Applying the Latest Evidence to Delay the Onset of Type 1 Diabetes - Episode 3
Expert healthcare practitioners discuss the potential of CGM and other technology to identify signs of type 1 diabetes.
Diana Isaacs, PharmD, BCPS, BCACP, BC-ADM, CDCES: There's starting to be a lot of efforts to screen people with TrialNet. I'm curious your thoughts. Once someone has those autoantibodies, I know in the trial a glucose tolerance test was done. What do you think about maybe using CGM [continuous glucose monitoring] to identify that stage 2 versus doing a glucose tolerance test?
Emily Sims, MD: There's some great data out of the Barbara Davis Center that CGM metrics can be helpful to identify people who are high risk of screening. The only issues with CGM are it's dependent on what people eat, is one issue. It's less standardized than the oral glucose tolerance test. It seems like the data can be variable. They can be more variable than with the OGTT data. It's something that's appealing and as we're thinking about rolling screening out to more and more people in the population, we're going to have to be more flexible about the things that are going to work for different people and how to identify different people because at the end of the day, the more people that are getting monitoring, maybe it's not the kind of gold standard perfect monitoring but if it can be applied to more people, that's the thing that's the most important. We're going to be thinking a lot more about maybe glucose tolerance tests aren't going to work for you but what are the other things that we know can give us good information that might be useful? Maybe even hemoglobin A1C screening for some people too because it's just one finger stick even though it's maybe not quite as sensitive as that oral glucose tolerance test. Maybe if someone has in their hemoglobin A1C, it could give you a lot of information.
Diana Isaacs, PharmD, BCPS, BCACP, BC-ADM, CDCES: That's a good point. That would be a lot easier, a lot more convenient to do.
Natalie Bellini, DNP, FNP-BC: Maybe in the beginning what you do is you put a sensor on the patient and say, look at these spikes. Now we need to do an official test because it's part of the FDA approval. Even for the finger stick, we've had families who have called and said, we think our son has Type 1. I'm like, well, go give him some pancakes and syrup and check his blood sugar and call me back. That same idea is, are you seeing the spike or not? Then we can put you into this protocol.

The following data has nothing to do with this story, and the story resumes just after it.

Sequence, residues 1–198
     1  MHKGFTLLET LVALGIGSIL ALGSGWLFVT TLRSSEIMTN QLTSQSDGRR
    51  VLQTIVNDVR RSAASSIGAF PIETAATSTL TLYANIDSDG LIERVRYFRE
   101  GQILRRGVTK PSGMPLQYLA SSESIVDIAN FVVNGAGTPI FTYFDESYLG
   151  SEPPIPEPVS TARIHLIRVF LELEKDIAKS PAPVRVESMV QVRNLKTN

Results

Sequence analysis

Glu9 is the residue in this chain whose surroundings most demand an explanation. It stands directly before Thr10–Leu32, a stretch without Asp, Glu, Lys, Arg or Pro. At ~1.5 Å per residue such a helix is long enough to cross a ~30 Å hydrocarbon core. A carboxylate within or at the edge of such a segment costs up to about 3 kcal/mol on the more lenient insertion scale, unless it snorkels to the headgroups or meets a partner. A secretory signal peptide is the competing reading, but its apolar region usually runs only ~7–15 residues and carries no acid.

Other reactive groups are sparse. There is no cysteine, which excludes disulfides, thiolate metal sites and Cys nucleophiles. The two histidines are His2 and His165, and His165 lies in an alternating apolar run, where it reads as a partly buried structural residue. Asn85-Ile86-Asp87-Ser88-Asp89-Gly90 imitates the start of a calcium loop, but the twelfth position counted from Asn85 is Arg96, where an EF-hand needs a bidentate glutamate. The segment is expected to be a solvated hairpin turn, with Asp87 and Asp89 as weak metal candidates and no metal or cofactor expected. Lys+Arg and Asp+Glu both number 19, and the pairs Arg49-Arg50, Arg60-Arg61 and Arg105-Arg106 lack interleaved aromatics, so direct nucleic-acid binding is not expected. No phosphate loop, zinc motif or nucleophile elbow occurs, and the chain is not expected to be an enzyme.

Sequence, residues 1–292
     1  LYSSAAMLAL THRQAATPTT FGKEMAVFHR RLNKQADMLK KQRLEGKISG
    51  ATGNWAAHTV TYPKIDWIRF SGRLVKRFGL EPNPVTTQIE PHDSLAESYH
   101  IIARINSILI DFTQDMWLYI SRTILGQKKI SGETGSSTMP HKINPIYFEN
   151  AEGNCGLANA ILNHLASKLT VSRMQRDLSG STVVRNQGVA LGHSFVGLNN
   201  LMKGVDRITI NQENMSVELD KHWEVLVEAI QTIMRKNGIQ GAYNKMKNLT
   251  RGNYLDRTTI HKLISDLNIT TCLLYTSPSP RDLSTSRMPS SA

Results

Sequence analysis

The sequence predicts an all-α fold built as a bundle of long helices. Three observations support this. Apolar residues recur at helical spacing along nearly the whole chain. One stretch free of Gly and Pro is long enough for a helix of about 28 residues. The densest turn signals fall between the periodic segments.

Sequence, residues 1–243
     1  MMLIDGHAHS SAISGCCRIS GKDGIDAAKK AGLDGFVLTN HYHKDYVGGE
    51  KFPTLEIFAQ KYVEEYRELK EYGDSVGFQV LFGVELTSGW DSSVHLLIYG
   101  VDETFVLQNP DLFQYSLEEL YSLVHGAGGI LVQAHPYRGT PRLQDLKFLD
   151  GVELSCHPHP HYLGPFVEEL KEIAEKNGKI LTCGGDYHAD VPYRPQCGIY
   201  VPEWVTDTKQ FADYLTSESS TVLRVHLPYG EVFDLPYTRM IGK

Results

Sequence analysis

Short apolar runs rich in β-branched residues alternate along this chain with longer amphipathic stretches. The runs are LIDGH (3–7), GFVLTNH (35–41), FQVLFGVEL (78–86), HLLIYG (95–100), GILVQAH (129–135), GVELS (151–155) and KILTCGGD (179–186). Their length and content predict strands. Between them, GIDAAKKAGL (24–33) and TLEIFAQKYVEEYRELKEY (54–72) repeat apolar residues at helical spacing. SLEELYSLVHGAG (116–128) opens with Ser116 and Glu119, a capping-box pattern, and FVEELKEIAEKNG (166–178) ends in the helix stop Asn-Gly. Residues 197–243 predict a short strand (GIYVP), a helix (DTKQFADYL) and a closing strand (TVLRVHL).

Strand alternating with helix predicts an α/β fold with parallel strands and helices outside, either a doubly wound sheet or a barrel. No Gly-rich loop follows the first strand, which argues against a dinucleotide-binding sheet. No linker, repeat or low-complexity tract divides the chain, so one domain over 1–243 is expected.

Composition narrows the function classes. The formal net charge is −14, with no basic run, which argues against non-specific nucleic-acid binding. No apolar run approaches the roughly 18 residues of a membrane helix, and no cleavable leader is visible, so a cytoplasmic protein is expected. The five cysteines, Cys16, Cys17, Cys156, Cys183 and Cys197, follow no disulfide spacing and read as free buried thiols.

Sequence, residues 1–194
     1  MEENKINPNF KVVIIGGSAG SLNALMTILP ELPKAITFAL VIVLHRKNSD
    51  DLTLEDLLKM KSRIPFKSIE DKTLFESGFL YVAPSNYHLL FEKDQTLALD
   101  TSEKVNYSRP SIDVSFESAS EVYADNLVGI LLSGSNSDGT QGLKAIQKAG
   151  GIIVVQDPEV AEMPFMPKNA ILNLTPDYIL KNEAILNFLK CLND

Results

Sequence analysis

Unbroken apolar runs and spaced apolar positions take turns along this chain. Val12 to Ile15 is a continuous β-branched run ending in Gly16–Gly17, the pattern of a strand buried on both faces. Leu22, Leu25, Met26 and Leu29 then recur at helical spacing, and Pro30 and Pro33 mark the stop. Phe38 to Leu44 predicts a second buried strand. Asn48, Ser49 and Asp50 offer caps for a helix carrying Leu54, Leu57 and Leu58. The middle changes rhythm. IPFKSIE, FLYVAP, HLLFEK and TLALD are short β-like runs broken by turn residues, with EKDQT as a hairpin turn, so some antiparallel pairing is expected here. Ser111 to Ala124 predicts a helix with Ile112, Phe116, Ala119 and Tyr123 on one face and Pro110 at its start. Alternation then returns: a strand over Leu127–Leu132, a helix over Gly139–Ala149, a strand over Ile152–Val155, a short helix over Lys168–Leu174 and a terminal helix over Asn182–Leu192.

Emily Sims, MD: Give more official testing. I agree.
Natalie Bellini, DNP, FNP-BC: That's a big part of it too.
Emily Sims, MD: It's going to be interesting, these next steps now that we have something to intervene. We need to be talking about ways to identify more and more people that are going to benefit because depending on where you live, a lot of the screening that's available is only to family members. Hopefully, more and more general population screening is going to become available. Another big need monitoring guidelines for these people who we know are at risk, who are antibody positive because there's different things out there, but I think it would be nice to have clear guidance, especially for family practitioners and primary care providers who are going to be seeing these patients a lot and need to have a plan for what to do with them.
Natalie Bellini, DNP, FNP-BC: As a person who practices endocrinology, these aren't my patients yet. They're going to be if they're positive but they're not yet. How do I get the pediatrician, the primary care, the family practice groups to screen for these so that the patient is identified as quickly as possible and we really can move forward?
Emily Sims, MD: There's a big need for education now because a lot of people aren't familiar with the idea of stages of diabetes but kind of clear guidelines for monitoring. It's a no-brainer for people who are family members in the United States because they can get screened for free through TrialNet but if it's someone who doesn't have a family history, then it's more complicated. There are some states that have screening programs that are available and then JDRF has a link on their website to screening that people can pay for or do through insurance but some of the kinks need to be ironed out of that.
Diana Isaacs, PharmD, BCPS, BCACP, BC-ADM, CDCES: A lot of people that get Type 1 diabetes, don't even have a family history so it's kind of like, well, who should be screened? Anyone with any type of autoimmune disorder in their family. There's a lot of questions.
Emily Sims, MD: There's been some talk about potentially including genetic screening for high genetic risk for Type 1 diabetes on the newborn screen. Then people who would be really high risk then could get followed up over time with autoantibodies. It's very interesting. That would be a big paradigm shift on the newborn screen. It's not diagnosing something; it's just diagnosing a high genetic risk for something. There's many, many logistics that need to go into place, but I think, potentially really, exciting and opportunities to intervene early in disease and change that kind of natural trajectory for a lot of people.
Diana Isaacs, PharmD, BCPS, BCACP, BC-ADM, CDCES: Well, thank you so much for sharing all your knowledge and wisdom with us. We really enjoyed talking with you today and having you here.
Emily Sims, MD: No problem. This was fun, you guys. Thanks for inviting me. I appreciate it.
Transcript Edited for Clarity